No understanding of aesthetics would be complete without a little knowledge of sensation and perception. The process of sensation starts off when stimulus enliven our nervous system. Facial clients / patients experience five sensations – two of which are auditory and smell and, three skin senses – touch, temperature and pain. The general characteristics of sensation are absolute (minimum) thresholds and difference (minimum amount of difference between two stimuli) thresholds.
Perception on the other hand, is defined as a process by which the brain chooses and forms, coordinates and arranges its interpretation of sensations. Our perceptual abilities are our most important link to the outside world. Each kind of sense organ is dedicated to receiving a specific type or particular quality of stimulus. It is through our senses that we take in information about the environment.
Out of all the senses we rely on, it is our sense of vision, more than anything else that we use to survive and comprehend the world. The physical stimulus that the eye responds to is light. It is made up of electromagnetic energy. The physical characteristics of light are wavelengths contained in a color spectrum which we interpret through mental vibrations (psychological sensations). It is these neural impulses that relay messages to the brain when light is experienced through the retina of the eye. It is the rods and cones (specialized nerve cells) that react.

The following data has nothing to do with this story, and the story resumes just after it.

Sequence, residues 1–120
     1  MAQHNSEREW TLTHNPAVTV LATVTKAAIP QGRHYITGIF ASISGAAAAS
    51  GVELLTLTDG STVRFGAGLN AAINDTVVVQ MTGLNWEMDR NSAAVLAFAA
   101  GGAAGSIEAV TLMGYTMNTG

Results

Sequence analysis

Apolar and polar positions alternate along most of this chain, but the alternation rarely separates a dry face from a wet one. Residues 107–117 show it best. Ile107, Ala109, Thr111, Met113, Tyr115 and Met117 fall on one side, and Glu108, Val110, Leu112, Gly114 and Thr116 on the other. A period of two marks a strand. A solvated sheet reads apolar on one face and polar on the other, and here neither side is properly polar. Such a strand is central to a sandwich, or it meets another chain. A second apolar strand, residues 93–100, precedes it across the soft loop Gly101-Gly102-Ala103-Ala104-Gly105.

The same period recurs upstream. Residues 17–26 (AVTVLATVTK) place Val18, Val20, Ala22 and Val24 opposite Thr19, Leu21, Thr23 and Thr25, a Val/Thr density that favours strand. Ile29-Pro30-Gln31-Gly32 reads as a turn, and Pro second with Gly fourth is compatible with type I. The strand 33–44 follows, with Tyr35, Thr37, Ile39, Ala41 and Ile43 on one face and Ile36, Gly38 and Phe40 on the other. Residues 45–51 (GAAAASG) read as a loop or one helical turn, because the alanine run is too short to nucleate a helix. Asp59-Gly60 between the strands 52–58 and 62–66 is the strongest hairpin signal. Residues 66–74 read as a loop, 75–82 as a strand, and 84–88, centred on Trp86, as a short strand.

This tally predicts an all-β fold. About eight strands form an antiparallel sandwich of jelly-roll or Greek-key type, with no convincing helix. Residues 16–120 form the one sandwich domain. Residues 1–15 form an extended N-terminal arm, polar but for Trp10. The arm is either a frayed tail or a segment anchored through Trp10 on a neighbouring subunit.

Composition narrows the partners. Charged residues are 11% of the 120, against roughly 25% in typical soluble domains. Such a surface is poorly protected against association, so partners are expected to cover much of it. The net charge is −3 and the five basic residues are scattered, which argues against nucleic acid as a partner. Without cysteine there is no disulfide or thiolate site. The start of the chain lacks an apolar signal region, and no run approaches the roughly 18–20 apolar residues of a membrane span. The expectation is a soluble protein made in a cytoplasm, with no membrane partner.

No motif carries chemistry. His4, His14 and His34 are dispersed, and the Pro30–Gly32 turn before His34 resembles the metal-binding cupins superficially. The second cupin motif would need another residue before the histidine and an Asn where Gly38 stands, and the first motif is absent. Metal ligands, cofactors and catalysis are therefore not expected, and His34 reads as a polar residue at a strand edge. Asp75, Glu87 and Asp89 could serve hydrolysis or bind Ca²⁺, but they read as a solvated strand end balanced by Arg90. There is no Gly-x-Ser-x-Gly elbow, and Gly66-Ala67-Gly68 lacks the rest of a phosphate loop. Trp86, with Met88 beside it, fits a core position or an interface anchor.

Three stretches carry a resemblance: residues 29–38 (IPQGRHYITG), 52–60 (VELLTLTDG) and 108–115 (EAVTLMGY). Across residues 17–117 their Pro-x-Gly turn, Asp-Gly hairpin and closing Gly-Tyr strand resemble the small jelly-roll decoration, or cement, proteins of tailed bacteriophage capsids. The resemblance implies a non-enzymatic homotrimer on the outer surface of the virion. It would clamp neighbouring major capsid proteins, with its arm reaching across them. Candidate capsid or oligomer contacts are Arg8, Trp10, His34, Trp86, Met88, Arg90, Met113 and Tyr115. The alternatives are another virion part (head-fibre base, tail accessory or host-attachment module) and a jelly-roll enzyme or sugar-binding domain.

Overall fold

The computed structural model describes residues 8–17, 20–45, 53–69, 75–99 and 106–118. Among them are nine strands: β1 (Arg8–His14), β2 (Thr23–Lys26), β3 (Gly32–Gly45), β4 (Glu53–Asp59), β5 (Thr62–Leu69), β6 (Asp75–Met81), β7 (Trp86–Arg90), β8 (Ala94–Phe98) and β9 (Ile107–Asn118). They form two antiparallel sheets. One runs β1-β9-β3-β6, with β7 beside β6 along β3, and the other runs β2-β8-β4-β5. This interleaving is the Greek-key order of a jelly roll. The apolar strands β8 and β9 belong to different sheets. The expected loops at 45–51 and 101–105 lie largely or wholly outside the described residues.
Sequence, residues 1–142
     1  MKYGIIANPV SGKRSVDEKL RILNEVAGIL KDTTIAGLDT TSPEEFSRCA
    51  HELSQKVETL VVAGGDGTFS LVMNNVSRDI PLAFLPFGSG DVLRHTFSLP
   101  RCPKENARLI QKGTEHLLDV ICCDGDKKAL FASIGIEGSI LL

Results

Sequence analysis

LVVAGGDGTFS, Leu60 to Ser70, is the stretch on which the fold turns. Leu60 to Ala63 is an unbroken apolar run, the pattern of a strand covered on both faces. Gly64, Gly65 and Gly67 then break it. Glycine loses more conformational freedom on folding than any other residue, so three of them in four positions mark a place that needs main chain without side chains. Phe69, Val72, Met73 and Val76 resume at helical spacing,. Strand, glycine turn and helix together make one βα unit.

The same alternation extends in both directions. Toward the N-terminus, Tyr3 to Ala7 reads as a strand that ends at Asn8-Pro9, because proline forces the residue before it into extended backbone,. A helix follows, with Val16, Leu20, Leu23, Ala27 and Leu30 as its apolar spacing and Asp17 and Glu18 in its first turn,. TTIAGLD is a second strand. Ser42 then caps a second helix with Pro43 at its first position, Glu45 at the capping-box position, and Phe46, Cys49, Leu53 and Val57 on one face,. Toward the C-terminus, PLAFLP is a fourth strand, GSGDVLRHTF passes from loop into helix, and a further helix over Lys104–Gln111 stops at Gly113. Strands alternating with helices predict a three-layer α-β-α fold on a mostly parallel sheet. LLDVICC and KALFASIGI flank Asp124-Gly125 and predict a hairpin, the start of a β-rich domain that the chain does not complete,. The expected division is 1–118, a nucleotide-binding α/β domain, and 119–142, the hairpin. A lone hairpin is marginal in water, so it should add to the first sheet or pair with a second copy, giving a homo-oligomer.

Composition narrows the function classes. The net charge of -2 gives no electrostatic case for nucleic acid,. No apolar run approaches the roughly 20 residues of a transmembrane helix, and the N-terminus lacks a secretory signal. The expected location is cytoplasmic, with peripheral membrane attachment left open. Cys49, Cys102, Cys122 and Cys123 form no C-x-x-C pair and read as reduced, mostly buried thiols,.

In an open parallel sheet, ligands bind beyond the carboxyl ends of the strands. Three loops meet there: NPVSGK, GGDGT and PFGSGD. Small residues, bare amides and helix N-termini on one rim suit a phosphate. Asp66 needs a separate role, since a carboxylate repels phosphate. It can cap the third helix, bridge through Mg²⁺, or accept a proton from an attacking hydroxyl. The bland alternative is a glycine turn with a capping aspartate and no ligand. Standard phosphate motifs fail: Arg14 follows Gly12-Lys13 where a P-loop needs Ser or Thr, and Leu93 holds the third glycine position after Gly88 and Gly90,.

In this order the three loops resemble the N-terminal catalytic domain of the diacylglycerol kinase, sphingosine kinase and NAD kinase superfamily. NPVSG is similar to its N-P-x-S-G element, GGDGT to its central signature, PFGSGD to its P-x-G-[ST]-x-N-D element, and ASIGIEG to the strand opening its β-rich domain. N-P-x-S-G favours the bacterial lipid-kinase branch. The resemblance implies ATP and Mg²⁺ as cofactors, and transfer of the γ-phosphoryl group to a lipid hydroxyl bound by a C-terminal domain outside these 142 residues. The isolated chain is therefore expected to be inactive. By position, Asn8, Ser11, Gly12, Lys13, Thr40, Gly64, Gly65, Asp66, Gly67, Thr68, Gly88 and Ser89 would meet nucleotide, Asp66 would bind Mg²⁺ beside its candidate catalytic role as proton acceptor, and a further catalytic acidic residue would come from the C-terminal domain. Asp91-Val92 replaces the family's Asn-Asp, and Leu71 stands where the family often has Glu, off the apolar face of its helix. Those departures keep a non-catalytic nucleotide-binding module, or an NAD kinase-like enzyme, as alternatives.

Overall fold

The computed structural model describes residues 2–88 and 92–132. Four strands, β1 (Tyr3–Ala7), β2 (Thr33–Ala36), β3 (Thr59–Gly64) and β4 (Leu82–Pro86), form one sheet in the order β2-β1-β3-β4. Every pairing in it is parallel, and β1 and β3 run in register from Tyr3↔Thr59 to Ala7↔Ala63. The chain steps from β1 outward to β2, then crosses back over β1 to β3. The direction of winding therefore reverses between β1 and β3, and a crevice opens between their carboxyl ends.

Our olfactory system is designed to act in response to chemicals that are in the air. Smell occurs when airborne molecules travel up our nose. It is our way of detecting danger and of experiencing pleasure. Our sense of smell is mainly a warning signal.
The sensation of touch varies over portions of our bodies. Only one specific receptor (pacinian corpuscle) for touch has been found. They are called dendrites (branched extension of nerve cells) and they respond to touch.
The skin reacts to heat and cold. The number of regions sensitive to cold far outweigh those sensitive to heat. We experience the sensation of heat when both warm and cold receptors are stimulated simultaneously.
Pain sensations are caused by a variety of stimuli including extreme pressure and heat. In an aesthetic practice the sensation of pain is usually caused by the force of extracting comedos. A well-known explanation is the “pain gating” theory which suggests that there is an actual neural gate that can be opened or closed by the form a neural message takes.
Understanding the brain and body responses is paramount and the physiology behind sensations and perceptions can make a big difference when applying this information to the practical aspects of aesthetic treatment delivery. I personally find it all very fascinating and if you do too there is more to read and view on this and other related topics – see below…
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